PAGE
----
Debt jubilee is debt forgiveness, and it’s already happening at a staggering rate for public sector debt. Sovereign debt is fundamentally different from private debt in that the sovereign makes the rules and never has to repay its debt. When the Fed purchases a Treasury, and then continues to roll over that Treasury forever, then that debt is effectively cancelled. That is why public sector debt is not deflationary, nor a drag on growth. This post walks through the mechanics of our modern day debt jubilee, and how it can help deleverage private sector debt.
What Happens when the Fed Buys a Treasury?
Deficit spending financed by the Fed is effectively free money being minted and deposited into the accounts of the private sector. The spending doesn’t have to be in stimulus checks; it can be any form of spending. The Fed creates new money, sends it to Treasury, who then spends it into the real economy. (For those who need a refresher on how reserves and bank deposits interact, see this post for a primer on our two-tiered monetary system.)
Traditional economic textbooks may mumble something about a potential for higher future tax rates or interest rates under large deficit spending, but that is just nonsense. All major central banks have been financing their governments to the tune of trillions for over a decade with no end in sight. Government debt never has to be (and in practice never is) repaid. When the sovereign can print its own currency, there can be no ‘bond vigilantes’ and there is no need for taxes (crazy things will happen when the public and Congress fully realizes this). The risks in Fed financed deficit spending arise in the form of a weaker currency and inflation, both of which are just beginning to materialize.
What Happens when the Treasury debt purchased matures?
When the Treasury debt purchased matures, the Fed simply takes the maturing principle and re-invests it in newly issued Treasury securities. When the Fed receives interest payments it takes those interest payments and pays them right back to Treasury. If all the mortgage payments you made on your house were returned right back to you – do you really have mortgage debt? Does that debt burden reduce your income?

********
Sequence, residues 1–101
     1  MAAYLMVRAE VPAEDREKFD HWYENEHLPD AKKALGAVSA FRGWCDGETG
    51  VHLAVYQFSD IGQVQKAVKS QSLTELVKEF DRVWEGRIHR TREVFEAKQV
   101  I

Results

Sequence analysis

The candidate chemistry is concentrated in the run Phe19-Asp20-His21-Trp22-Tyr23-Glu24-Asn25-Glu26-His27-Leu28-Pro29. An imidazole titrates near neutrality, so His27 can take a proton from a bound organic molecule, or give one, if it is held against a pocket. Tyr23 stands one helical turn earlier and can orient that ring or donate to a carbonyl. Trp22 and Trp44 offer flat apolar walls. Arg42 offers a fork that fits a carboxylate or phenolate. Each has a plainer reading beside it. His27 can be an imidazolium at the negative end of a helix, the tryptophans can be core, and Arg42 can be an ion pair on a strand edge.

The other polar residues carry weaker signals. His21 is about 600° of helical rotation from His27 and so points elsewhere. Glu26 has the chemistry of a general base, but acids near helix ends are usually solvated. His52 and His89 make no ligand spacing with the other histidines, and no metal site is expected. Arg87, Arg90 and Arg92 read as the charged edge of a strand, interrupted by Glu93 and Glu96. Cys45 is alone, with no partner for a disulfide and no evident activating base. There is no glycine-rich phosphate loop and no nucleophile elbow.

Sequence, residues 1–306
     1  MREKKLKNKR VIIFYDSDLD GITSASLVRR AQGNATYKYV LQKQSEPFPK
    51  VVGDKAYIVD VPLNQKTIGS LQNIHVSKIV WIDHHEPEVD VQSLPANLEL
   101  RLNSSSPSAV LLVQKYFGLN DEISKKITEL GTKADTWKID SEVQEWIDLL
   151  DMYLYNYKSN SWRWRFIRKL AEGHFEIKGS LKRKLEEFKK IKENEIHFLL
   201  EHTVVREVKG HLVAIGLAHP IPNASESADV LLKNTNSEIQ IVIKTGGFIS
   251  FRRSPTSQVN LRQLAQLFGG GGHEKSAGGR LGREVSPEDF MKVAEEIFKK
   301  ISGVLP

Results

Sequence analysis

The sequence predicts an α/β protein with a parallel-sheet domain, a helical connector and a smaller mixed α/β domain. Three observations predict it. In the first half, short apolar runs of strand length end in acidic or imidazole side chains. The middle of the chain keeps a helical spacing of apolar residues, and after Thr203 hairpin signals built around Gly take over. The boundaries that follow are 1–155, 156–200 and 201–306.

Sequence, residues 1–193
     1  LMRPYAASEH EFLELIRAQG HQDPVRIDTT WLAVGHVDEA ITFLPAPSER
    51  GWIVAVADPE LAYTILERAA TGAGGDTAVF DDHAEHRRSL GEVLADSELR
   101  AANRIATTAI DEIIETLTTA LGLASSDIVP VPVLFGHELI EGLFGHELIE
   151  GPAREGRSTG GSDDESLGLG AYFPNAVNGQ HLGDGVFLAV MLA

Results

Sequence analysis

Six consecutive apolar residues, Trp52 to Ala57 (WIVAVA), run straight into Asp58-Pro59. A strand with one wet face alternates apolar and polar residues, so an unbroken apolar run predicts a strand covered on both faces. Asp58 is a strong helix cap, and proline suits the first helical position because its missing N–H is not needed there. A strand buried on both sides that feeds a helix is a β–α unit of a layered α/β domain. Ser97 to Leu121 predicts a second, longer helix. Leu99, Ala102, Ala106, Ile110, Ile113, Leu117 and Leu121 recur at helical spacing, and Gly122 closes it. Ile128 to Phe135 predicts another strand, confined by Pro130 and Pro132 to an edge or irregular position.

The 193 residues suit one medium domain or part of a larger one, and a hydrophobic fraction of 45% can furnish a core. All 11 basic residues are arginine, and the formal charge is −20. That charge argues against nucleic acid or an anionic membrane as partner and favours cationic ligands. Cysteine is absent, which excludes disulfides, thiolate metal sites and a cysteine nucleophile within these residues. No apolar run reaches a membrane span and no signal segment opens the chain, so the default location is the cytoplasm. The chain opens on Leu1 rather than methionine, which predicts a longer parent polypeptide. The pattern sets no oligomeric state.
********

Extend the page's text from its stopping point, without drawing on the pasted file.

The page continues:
Treasuries purchased by the Fed are effectively interest free and never have to be paid back, provided the Fed keeps re-investing maturing securities. This is the modern day debt jubilee. (Note the same logic applies to other assets the Fed buys and keeps rolling over, such as Agency MBS)
The the Fed attempted to shrink its QE portfolio in late 2017 by reducing the amount of maturing Treasury principal that would be re-invested (the redemptions in the graph above), but that experiment only lasted a couple years. Looking across the world, the BOJ and ECB have never been able to shrink their QE portfolio. Their QE portfolio has only gotten larger. Fed communication hasn’t suggested that they are eager to slow down their current pace of asset purchases, so reducing reinvestments is even further into the future.
Public Debt Jubilee is an Indirect Private Debt Jubilee
Government spending never has to be paid back (and probably never will), so it is effectively new money that remains in the financial system and can be used to extinguish private debts. When the government is spending massively (as it is now) with Fed financing (as it is now, at $90 billion a month), then that is $90 billion in new money injected into the private sector. That money can be used to help repay private debt, as seen in the example below.
However, given that household balance sheets are solid and interest rates are low, there probably isn’t much of a need for the private sector to deleverage. That new money pumped into the system is probably just going into TSLA/housing/crypto/stonks.
1 comments On The Debt Jubilee is Already Here
Great post Fed Guy! Since you posted this article interest rates have risen from near zero to a current level above 4% and rates are projected to remain above 2% until at least the end of 2024. These higher rates have increased reserve interest costs for central banks due to the high levels of reserve liabilities on their balance sheets. Under the debt jubilee as described in your post, the interest payments received by the Fed are paid right back to the Treasury. But when interest rates rise as they have central banks will be allocating their bond interest revenue to the payment of their reserve interest liabilities to reduce their operating losses instead of returning the bond interest to the Treasury. In these circumstances where interest rates remain higher than bond rates, is the debt jubilee no longer interest free and if so what could be done to counteract this operating loss being incurred by the central banks? Or is the debt jubilee only interest free in a near zero interest rate climate?